There was something old (Joe Smith, who’s 34), something new (Jeff Teague, who’s a rookie), something borrowed (Jamal Crawford, acquired from Golden State) and something blue (the Hawks’ pregame warmup shorts). There was a brand new bench, which did its part, and better balance among the starters. And at the end there was …
He deferred to Josh Smith and Al Horford for a half, and then the Hawks’ best player reminded us that, even though this team has more good players than at any time in two decades, he’s still the Hawks’ best player. And if that’s the new method — let others get involved early and let JJ save it for later — it just might work.
The Hawks weren’t smashing in their opener. They yielded 65 points to tepid Indiana in a half — is Willie Martinez coaching basketball? — and trailed in the fourth quarter. They held — wrong word, I know — Danny Granger to 31 points. But they won pulling away, and en route they dropped powerful hints that this might well be the best Hawks team in … oh, two decades.
Something old: Johnson scoring 17 second-half points. Something new: Horford taking 17 shots. Something borrowed (from John Stockton): Josh Smith making eight assists and five steals and scoring 18 points on only 10 shots. Something blue (presumably): Jason Collins, a veteran big man who signed as a free agent but who went unused.
Before the game, Mike Woodson had been asked about the strange new feeling of having 11 real players at his disposal. Said the coach: “You can’t find 30 minutes a night for 11 or 12 guys.” Also this: “I will not sacrifice games just to satisfy someone.”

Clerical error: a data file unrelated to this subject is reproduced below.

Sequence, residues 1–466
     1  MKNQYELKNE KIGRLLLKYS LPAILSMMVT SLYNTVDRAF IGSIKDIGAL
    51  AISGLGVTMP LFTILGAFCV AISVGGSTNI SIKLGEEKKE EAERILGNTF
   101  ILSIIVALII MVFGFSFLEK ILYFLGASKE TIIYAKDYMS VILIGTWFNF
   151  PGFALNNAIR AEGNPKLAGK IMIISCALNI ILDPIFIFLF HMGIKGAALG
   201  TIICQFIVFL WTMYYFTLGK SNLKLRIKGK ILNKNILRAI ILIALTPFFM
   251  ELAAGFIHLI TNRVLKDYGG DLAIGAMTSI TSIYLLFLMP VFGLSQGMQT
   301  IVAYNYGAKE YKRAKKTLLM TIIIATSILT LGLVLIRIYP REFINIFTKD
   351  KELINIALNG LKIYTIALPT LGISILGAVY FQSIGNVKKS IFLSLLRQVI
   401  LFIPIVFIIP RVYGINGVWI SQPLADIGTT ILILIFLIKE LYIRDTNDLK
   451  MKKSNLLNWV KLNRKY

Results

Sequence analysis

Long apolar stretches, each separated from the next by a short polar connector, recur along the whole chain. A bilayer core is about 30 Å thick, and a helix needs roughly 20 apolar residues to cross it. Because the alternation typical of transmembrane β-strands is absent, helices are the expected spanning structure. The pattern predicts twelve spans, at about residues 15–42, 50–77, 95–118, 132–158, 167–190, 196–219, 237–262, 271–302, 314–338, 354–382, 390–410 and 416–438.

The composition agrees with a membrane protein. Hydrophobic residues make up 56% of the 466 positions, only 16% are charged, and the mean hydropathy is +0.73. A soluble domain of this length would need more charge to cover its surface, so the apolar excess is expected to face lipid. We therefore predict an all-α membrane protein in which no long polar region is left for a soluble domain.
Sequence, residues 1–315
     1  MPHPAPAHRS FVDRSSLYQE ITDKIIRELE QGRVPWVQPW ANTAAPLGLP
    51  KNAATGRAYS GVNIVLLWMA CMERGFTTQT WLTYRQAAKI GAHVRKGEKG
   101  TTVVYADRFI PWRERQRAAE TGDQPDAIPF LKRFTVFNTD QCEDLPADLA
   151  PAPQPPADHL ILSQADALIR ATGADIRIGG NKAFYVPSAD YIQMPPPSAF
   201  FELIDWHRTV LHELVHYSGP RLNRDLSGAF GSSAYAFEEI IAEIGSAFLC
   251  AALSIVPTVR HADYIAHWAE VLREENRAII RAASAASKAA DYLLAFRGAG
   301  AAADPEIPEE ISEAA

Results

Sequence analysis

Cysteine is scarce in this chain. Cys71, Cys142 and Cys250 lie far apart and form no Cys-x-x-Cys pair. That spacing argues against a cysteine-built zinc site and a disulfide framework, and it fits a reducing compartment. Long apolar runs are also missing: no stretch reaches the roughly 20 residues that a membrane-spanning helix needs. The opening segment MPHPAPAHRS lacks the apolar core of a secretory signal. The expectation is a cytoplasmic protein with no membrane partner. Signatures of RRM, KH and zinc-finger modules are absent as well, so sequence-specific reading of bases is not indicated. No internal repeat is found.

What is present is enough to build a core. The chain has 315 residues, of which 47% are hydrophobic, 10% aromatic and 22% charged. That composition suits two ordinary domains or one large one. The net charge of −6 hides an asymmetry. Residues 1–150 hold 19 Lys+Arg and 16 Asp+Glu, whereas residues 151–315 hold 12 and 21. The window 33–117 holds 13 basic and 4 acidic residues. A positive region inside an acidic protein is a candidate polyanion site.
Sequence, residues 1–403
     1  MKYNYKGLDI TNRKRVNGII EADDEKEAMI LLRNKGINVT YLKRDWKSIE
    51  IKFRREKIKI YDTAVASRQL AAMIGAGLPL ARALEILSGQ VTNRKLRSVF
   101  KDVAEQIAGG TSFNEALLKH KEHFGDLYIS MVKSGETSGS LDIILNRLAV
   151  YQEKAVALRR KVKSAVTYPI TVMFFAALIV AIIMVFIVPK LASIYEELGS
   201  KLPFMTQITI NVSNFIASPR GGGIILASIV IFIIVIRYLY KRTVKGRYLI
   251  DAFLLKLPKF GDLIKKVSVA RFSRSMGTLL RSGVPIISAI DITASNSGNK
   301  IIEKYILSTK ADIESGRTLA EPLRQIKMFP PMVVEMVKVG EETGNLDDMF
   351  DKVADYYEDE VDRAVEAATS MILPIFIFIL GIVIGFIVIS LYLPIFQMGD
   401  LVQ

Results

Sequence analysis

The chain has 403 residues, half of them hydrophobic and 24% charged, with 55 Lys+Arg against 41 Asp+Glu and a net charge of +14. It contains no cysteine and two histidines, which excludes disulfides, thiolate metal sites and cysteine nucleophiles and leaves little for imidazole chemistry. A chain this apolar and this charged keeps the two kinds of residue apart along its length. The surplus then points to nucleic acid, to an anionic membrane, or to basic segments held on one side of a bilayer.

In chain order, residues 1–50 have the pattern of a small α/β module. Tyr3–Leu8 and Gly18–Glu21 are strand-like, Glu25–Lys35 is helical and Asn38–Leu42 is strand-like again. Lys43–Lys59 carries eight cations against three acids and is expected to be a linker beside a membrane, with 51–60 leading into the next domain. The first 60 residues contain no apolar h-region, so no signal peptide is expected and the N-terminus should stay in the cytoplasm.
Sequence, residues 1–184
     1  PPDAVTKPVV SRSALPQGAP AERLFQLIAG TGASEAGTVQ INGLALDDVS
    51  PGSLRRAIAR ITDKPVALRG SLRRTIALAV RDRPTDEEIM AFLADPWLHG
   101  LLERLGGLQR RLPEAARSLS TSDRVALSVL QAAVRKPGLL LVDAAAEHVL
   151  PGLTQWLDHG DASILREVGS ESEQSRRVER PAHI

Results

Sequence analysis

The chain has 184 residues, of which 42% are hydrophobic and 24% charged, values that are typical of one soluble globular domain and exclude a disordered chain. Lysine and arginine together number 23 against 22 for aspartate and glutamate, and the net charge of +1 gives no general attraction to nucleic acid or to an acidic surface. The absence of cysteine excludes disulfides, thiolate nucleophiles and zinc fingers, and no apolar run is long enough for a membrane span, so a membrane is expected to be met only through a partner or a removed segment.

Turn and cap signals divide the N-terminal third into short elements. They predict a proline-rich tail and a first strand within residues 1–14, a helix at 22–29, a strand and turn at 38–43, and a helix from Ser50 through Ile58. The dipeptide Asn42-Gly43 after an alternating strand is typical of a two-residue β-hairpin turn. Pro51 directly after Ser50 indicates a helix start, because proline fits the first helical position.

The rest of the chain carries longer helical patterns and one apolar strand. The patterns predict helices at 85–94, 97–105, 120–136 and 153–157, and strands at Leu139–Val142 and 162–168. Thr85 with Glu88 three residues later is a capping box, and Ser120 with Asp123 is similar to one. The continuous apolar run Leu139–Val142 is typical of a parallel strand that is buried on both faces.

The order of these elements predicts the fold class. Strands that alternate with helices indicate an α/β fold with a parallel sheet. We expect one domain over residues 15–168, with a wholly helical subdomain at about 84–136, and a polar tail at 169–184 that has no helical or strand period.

Which is why we saw the Hawks’ bench work long minutes in the second and third quarters but only a total of five in the fourth. “I kind of jumped my bench for losing the lead,” Woodson said. Then: “We’re all trying to get used to each other, especially them to me.”
Something new: Johnson having a tepid half and the Hawks still being in position to seize the game. Something old: Johnson seizing the game. He had 10 points and four assists in the fourth quarter, and two of those assists resulted in Mike Bibby treys. Which meant JJ had a hand in 20 of the Hawks’ 25 final points.
“I kind of wanted to get into the flow [earlier],” Johnson said. “But I was feeding off [Josh Smith and Horford]. They carried us in the first half.”
Seventeen shots for Horford? Was this by design? “We were just playing basketball,” he said. And then, sounding like Urban Meyer: “We were taking what the defense gives us.”
Something else new: Ten different Hawks working at least 10 minutes, none exceeding 40. “We are [deep],” said Rick Sund, the general manager who fleshed out this roster. “But it’s going to take some time for Woody to equate the combos.”
Ultimately the Hawks wore down the Pacers. Indiana scored 65 points in the first half, only 15 in the fourth quarter. This wasn’t so much pretty basketball — though there were instances of that, the most notable being a Bibby-to-Johnson-to-Josh fast break — as it was inexorable basketball. And only the best teams can be described as inexorable.
Before the game, Woodson said of his players: “If they continue to grow, we’ve got a chance to be in the hunt the next three or four years.” And they do.
The new Hawks didn’t trip the light fantastic in Game 1, but neither did they trip over themselves. For the first time in two decades, the pieces are in place. These guys could go places.